The Kuchi-e Tradition - Kuchi-e prints are woodblock frontispiece illustrations used in the publication of Japanese novels and magazines around the turn of the 20th century. Most kuchi-e prints were illustrations of bijin and continued the tradition of idealized beauties in Japanese art. The subjects, however, have a decidedly Meiji era feel about them and reflect the artistic movement towards more western design. Kuchi-e prints typically have one or two folds because of their use.
Much interest has been generated in the subject since the publication in 2000 of Helen Merritt and Nanako Yamada's book, "Woodblock Kuchi-e Prints: Reflections of Meiji Culture." Kuchi-e prints have become highly sought after and collected by the serious collector.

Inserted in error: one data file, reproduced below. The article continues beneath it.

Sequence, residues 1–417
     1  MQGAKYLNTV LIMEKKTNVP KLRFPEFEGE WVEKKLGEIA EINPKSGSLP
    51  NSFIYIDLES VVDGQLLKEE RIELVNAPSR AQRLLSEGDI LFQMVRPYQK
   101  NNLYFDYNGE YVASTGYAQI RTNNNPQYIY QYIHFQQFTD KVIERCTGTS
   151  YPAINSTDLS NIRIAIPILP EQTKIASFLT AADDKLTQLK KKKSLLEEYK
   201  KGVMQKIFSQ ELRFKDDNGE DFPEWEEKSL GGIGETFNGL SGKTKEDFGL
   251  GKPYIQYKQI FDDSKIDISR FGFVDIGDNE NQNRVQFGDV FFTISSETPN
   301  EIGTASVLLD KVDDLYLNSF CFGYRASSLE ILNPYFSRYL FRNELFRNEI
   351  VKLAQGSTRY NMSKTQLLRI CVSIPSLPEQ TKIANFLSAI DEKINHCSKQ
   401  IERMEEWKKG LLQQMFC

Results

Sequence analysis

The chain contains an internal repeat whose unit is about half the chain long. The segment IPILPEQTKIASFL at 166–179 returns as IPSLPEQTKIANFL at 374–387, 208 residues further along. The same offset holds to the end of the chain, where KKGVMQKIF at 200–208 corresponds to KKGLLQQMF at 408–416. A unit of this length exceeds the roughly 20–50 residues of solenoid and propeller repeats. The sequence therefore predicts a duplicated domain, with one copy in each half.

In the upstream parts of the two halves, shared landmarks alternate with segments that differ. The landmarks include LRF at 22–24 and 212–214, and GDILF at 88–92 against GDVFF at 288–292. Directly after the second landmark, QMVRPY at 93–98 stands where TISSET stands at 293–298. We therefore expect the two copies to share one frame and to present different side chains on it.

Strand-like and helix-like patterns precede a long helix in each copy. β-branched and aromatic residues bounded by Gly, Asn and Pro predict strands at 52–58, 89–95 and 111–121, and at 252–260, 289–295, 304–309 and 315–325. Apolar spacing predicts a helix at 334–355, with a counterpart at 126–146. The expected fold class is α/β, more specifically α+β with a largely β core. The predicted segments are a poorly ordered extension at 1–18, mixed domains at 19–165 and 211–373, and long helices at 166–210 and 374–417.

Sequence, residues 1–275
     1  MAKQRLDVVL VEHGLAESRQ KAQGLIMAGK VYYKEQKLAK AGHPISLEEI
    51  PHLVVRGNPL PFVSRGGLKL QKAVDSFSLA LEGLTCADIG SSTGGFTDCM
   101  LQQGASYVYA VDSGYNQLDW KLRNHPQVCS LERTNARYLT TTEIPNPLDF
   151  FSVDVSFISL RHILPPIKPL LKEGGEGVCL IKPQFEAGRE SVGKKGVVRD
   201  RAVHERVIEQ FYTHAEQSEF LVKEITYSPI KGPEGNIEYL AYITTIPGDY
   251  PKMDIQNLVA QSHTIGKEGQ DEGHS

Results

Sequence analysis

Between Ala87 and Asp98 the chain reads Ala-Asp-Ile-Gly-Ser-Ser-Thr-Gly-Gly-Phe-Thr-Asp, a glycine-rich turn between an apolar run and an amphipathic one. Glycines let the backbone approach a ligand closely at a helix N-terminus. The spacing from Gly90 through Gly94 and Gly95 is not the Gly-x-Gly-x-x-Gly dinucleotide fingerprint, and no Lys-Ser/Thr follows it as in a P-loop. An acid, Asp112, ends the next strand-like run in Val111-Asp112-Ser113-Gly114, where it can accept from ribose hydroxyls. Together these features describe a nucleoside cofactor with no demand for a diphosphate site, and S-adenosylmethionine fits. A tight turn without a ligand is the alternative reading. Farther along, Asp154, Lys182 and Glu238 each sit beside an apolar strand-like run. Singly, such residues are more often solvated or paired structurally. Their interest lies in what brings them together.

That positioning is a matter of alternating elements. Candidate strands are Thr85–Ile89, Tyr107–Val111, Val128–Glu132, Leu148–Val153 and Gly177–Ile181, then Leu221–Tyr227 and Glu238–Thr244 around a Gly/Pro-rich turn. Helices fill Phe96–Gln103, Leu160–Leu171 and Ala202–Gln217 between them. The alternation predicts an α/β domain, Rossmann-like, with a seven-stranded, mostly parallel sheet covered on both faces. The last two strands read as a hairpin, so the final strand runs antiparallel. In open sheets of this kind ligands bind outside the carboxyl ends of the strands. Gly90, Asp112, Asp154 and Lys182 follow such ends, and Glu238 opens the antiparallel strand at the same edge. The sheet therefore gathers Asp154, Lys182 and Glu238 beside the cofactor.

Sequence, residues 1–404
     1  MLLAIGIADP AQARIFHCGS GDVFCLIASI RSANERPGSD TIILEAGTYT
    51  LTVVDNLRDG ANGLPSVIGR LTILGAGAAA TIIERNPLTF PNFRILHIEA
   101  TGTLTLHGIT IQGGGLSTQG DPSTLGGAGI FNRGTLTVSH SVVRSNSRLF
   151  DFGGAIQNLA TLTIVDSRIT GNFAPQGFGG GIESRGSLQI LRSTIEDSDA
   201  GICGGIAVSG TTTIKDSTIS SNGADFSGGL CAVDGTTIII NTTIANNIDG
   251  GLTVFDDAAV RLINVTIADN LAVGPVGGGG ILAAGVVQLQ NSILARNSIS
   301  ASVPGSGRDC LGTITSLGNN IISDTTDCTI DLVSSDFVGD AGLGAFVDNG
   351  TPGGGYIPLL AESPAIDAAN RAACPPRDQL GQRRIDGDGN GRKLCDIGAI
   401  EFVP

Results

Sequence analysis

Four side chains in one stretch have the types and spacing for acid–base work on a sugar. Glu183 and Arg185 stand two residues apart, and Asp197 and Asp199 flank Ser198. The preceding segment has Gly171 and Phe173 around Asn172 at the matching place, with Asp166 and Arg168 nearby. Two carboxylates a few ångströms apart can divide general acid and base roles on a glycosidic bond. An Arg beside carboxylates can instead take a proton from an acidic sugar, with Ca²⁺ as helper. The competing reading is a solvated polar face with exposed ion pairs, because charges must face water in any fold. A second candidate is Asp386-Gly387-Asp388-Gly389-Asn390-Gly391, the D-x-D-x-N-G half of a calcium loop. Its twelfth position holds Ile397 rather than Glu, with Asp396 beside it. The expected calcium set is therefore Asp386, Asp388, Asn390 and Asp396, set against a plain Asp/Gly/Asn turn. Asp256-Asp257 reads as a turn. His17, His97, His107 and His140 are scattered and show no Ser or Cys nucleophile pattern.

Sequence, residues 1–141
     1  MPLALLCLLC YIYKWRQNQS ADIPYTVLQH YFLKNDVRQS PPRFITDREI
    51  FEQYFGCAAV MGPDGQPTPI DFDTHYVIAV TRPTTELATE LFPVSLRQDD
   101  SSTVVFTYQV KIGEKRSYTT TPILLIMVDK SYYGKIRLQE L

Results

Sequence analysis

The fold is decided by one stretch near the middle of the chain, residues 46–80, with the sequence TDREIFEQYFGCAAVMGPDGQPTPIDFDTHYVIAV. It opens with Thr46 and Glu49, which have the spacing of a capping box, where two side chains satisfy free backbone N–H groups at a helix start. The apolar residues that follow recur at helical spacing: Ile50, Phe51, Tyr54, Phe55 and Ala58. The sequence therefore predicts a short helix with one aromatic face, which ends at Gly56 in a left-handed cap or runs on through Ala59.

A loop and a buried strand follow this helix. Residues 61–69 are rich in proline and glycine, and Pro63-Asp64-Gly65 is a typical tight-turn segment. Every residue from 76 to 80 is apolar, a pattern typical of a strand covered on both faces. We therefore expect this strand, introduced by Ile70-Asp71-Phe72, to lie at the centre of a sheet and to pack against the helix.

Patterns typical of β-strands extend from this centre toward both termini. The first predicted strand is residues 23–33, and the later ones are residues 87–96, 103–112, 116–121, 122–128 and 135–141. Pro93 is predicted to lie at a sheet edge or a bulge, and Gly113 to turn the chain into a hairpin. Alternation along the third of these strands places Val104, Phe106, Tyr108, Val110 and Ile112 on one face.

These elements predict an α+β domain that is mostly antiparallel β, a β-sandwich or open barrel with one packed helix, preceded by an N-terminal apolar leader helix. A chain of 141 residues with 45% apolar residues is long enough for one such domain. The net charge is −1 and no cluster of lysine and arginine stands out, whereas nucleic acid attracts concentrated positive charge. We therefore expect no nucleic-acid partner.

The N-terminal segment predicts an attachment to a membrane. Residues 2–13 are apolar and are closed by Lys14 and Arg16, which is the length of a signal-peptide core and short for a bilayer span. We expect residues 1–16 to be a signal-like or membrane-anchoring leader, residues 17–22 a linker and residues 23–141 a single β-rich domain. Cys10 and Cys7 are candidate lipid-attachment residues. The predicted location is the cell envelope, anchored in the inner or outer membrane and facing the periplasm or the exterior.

Comments - Handsome kuchi-e design of a young man leaving his home, looking back over his shoulder for one last glance, a warm orange light spilling form the open doorway. He adjusts the Western style hat on his head with one hand, an umbrella in the other. He wears a dark tan and white kimono tied with a blue obi, two parcels wrapped in cloth slung over his shoulder. A full moon glows softly in the night sky above the softly shaded house and trees. A rarely seen subject, nicely composed.
Artist - Tomioka Eisen (1864 - 1905)
Image Size - 8 1/2" x 11 7/8"
Condition - This print with nice color and detail as shown. Vertical folds. Small repair, a couple creases at edges. Please see photos for details.
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